Given that the decision to run is costlier for citizens with a high opportunity cost or for those who derive high levels of utility from public good provision (i.e. those who would have otherwise earned a higher wage in the private or public sector and those who are intrinsically motivated), the political consequences of accountability can lead to the adverse selection of politicians. 

Using a newly collected dataset that records the CVs of candidates who took part in elections for mayor between 2002-14, we compare the characteristics of candidates who decided to run for office in districts where the previous mayor was recalled by a small margin with the characteristics of those running in districts where the incumbent barely survived a recall referendum. 

Politician quality is a multidimensional concept. Previous literature shows that having a leader with a higher level of education raises the quality and quantity of public good provision and leads to economic growth (Besley et al. 2011, Besley et al. 2005, Martinez-Bravo 2017). 

In the Peruvian setting, we find correlational evidence suggesting that mayors who are more educated manage to deliver better public services to their constituents. Besides education, one might expect other characteristics – such as experience in the public and private sector, partisan alignment, or gender – to affect the valence and representativeness of candidates. 

Accountability and candidate quality

Our findings show that candidates running in a district that had a mayor recalled in a referendum in the preceding period are of lower quality – on average, they have about 0.5 fewer years of education, are 18% less likely to be university educated and are instead more likely to have only a secondary education. Also, they have less experience in the public sector, are less likely to have experience as a mayor, and are significantly younger, suggesting that they are new entrants into politics. These results are robust to several specification tests.

Consistent with our hypothesis, we provide evidence that the negative selection is mostly driven by candidates running in districts where the recall was initiated by someone who was defeated in the previous electoral race. Further, we demonstrate that the effects are similar for cases where the recalled mayor performed well or poorly in office, bolstering the argument that politically motivated recalls signal to potential candidates that they could be removed from office regardless of their performance and effort in office.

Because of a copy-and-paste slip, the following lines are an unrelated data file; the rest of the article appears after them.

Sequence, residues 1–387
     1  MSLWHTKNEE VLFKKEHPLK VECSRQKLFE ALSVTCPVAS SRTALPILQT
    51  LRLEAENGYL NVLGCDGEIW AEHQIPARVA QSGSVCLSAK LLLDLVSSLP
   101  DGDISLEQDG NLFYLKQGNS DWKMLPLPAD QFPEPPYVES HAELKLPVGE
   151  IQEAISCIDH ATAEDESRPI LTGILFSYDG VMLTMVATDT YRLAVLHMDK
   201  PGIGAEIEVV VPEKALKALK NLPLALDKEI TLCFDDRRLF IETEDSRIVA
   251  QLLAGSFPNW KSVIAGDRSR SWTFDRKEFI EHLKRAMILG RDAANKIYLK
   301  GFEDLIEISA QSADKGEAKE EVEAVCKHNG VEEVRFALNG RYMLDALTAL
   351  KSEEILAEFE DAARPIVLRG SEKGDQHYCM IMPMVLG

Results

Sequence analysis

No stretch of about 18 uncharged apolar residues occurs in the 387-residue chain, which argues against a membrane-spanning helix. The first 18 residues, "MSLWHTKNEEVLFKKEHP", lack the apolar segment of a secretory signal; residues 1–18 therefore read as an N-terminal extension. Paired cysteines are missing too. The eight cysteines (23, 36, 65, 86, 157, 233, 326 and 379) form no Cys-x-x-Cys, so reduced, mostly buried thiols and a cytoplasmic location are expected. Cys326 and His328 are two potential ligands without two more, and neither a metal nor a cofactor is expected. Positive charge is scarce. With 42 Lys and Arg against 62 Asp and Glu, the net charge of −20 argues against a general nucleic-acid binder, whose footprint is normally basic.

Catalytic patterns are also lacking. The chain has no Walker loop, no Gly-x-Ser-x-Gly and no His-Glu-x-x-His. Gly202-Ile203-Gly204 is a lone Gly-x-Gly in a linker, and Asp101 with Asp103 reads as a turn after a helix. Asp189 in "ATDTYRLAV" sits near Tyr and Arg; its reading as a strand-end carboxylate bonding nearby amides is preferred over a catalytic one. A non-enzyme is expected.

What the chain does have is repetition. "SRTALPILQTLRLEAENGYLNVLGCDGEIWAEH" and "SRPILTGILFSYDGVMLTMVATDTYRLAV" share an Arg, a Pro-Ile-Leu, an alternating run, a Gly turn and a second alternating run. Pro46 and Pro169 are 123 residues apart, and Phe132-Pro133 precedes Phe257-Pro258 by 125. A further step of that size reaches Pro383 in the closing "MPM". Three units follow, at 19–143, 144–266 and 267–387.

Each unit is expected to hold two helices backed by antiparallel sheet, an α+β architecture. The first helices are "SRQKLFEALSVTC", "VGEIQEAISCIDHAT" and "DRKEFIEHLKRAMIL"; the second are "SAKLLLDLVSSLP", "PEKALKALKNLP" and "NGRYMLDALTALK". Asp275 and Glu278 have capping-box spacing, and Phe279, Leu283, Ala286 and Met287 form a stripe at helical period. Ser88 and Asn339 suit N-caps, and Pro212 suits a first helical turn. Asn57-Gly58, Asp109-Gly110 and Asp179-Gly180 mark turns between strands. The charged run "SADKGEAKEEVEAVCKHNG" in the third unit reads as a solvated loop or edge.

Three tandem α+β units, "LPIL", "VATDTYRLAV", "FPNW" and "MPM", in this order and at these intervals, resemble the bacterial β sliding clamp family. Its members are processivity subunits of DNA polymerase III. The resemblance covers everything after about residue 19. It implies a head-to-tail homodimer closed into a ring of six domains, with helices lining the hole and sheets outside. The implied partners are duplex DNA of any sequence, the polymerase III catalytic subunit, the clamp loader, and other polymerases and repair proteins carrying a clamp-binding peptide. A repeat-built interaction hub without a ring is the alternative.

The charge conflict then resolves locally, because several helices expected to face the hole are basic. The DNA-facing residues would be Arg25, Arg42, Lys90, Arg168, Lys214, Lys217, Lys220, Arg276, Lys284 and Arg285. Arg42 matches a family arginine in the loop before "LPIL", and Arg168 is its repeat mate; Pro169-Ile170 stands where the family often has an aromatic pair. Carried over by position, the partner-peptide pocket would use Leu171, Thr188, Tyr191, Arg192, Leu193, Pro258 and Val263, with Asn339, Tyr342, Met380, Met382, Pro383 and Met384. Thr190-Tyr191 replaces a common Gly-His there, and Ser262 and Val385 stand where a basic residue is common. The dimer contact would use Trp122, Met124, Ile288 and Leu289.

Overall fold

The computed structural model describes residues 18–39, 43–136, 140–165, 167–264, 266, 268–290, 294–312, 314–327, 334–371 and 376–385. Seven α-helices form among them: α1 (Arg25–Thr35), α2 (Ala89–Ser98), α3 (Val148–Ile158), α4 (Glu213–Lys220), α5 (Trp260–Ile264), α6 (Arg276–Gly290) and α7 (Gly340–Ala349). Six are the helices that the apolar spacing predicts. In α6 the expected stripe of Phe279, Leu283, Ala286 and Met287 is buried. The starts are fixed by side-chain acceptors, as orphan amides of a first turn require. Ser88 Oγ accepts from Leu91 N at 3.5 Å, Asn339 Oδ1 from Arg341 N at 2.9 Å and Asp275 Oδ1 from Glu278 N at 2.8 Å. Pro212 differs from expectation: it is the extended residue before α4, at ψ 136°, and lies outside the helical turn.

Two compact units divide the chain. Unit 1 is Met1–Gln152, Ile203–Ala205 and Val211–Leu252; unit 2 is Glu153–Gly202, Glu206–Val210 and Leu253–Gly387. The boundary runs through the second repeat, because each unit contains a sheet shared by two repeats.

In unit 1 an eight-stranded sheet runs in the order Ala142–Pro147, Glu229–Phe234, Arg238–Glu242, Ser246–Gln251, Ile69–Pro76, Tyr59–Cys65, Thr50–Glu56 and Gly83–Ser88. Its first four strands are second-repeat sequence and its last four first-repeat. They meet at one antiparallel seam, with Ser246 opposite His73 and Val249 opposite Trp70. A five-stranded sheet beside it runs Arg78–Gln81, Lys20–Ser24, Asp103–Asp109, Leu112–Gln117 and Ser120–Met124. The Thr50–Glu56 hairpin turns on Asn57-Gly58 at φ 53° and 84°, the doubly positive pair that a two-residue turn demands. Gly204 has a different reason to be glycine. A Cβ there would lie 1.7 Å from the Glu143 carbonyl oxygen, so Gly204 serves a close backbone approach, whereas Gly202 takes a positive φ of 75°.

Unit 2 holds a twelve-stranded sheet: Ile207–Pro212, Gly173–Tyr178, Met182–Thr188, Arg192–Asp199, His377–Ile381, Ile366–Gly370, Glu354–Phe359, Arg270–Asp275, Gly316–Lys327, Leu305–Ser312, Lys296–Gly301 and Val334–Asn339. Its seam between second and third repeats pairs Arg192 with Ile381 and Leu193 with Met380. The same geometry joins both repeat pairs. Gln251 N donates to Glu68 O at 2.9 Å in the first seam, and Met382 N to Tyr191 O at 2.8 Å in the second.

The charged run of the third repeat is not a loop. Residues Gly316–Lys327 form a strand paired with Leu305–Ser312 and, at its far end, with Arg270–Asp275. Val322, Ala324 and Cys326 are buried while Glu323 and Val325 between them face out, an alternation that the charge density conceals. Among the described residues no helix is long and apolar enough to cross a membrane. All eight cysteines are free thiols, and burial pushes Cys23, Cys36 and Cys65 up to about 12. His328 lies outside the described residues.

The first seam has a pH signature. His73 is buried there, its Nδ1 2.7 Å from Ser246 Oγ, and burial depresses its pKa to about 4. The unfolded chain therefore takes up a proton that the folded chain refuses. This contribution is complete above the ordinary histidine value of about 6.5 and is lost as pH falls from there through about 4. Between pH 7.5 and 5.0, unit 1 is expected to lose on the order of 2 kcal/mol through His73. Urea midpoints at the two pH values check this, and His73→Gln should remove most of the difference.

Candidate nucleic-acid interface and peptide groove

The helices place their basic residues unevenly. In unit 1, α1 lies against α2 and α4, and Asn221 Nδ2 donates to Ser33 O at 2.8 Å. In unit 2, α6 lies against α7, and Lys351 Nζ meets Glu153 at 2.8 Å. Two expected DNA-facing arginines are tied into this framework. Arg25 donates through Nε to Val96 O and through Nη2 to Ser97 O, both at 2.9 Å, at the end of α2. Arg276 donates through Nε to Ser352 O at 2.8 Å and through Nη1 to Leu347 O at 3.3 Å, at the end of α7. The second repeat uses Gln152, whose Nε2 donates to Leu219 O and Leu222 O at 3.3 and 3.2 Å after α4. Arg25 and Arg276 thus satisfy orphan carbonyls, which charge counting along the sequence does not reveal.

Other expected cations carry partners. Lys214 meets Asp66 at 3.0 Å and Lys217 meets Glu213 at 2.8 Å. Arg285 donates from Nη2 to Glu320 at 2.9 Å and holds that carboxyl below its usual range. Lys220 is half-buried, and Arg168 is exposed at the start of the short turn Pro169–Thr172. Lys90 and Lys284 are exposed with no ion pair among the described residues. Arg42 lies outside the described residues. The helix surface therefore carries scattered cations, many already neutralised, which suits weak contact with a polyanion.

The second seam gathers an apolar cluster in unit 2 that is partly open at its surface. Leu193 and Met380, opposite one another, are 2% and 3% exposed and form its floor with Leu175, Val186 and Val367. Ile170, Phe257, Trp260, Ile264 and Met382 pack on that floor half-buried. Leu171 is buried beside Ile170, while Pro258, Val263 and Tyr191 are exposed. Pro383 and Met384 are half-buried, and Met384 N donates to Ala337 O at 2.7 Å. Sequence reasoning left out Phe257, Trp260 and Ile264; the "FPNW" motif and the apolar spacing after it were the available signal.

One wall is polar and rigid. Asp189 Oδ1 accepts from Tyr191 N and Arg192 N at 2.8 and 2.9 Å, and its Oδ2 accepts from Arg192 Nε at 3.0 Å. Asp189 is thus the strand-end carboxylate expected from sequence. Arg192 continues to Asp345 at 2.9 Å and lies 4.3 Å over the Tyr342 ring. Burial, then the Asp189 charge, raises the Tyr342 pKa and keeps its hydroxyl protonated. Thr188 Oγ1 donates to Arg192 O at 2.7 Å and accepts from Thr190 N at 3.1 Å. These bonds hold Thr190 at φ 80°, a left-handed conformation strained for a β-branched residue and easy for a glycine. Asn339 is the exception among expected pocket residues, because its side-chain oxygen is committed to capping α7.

Lastly, we document that candidates running in these districts are those with a lower predicted wage in the private sector, suggesting that individuals with higher opportunity costs are selecting out of politics.

Even though some districts have a lower-quality pool of candidates due to the political capture of recall election, voters still need to go to the polls to select new mayors. The evidence shows that elections play an important role in screening candidates. 

When we compare the characteristics of mayors elected in municipalities where an incumbent has been narrowly ousted versus mayors elected in municipalities where a recall narrowly failed in the previous term, we find that elections partially offset the negative effect of recalls on the candidate pool. Elected mayors in treated areas are only slightly less educated than those who win the election in districts where a mayor narrowly survived the recall. 

The design of accountability mechanisms is key 

While a large amount of evidence documents the positive effects of accountability in disciplining politicians, our research highlights the importance of thinking about checks and balances for the political capture of these institutions to avoid undermining their main objectives. 

For example, in 2014 the Peruvian government introduced a small change in the way the recall process was carried out. They tried to reduce the expected benefits of running a recall attempt by allowing new mayors to choose the person who would replace them in case of a recall. After the introduction of this reform, the number of attempted recalls was significantly reduced, with only 27 districts having a recall referendum. 


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Dal Bó, E, F Finan, O Folke, T Persson and J Rickne (2017), “Who Becomes a Politician?”, Quarterly Journal of Economics 132(4): 1877–1914.

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Holland, A and J Incio (2018), "Imperfect Recall: The Politics of Subnational Office Removals", forthcoming in Comparative Political Studies.

Leon-Ciliotta, G and L Kleine-Rueschkamp (2018), "Accountability, Political Capture and Selection into Politics: Evidence from Peruvian Municipalities", CEPR Discussion Paper 12941.